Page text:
how to edit your writing in 7 slightly fancier steps

Last week we took a look at editing basics: 7 simple steps to editing your writing. (If you haven't read that yet, take a peek.)

I know that lots of you already know the basics. You're not satisfied with an A on your work--you want an A+. I feel you, friends. I feel you.

Why settle, right? 

Let's assume that you've written a first draft and you've done all of the simple steps of editing. Now the good stuff begins. Unlike the 7 simple steps, these steps can be done in almost any order. You can pick and choose. Just try them out and see what feels best to you.

Experiment with your opening. 

When we tell a story at a party, we tell it in a very linear fashion, meaning that we generally start at the beginning and list details in chronological order. Even though this is a really logical method, it's not always the most fascinating. Sometimes our stories get way more oomph when we start at a spot other than the beginning. Take a look at the sequence of events and consider whether it might be more exciting to start with the end of your story, or somewhere in the middle. Click for more details...

Vary your sentence structure.

All this means is that your sentences shouldn't all look the same. If you realize that you have two sentences in a row that look alike, try flipping the second sentence around or rearranging it to start with a phrase. Combine sentences. Break sentences up. Switch things around so that each sentence is set up in a slightly different way.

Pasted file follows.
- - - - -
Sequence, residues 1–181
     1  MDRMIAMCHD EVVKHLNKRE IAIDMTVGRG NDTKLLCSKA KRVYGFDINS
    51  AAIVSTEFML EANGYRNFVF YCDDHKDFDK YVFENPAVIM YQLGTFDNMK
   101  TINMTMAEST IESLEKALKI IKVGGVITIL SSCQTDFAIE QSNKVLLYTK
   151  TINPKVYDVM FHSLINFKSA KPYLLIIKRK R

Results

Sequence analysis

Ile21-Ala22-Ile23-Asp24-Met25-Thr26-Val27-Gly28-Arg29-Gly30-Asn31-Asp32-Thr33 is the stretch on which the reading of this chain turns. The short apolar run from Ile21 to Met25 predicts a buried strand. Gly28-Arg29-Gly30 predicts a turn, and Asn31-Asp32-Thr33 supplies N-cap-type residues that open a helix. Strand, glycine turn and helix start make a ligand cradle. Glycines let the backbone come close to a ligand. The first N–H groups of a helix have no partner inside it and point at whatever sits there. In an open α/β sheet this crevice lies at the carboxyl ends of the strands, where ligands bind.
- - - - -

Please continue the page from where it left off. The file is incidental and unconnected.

So instead of this: I went to the mall to buy a new dress for my sister's baby shower. I went into Banana Republic and tried on five dresses. I bought a dress.

Try this: I went to the mall to buy a new dress for my sister's baby shower. At Banana Republic, I tried on five dresses, and I bought one of them.

Be specific.

Details are the spice of your story. They make people interested enough to read more. So don't just write that you broke your arm--write about breaking your arm in the middle of a third-grade kickball game that time your non-athletic best friend accidentally kicked the ball hard enough to knock you over. I would read that story.

Use sensory details.

Sensory details are descriptions of things that you can see, hear, touch, smell, and taste. When you incorporate sensory details into your writing, you bring the reader into your world. You give your writing a tangible burst of energy that excites readers. Click for more details...

Banish the passive voice. 

That is a fancy way to suggest that you eliminate "is" and "was" and "are" and "were" from your writing as much as possible. Doing so brings a more active, vital feel to your writing. And who doesn't want to make writing feel vital and important? Click for more details...

Be concise.

I know how hard it is to get words on the page. And it's even harder to delete those words we worked so, so hard to write. But you should take a critical look at each paragraph and delete any sentence that doesn't move your story or argument forward. It's just filler--that stuff in a crabcake that is not crab. It's not necessary, and it gets in the way of appreciating the good stuff (that delicious crab!). Once you've determined that all of your sentences are necessary, take a look within each sentence to see if you can eliminate unnecessary words. More crab, less filler! Click for more details...

Read your essay out loud.

This was my best suggestion for basic editing, and it's my best suggestion for fancy editing. Notice a pattern? Nothing else is this easy or works so well. Read your writing out loud, slowly and carefully, as if you are presenting it to a small group. If you get tripped up, chances are that you should rework that sentence. Seriously. You may feel a little strange doing it, but it's the absolute easiest way to edit!


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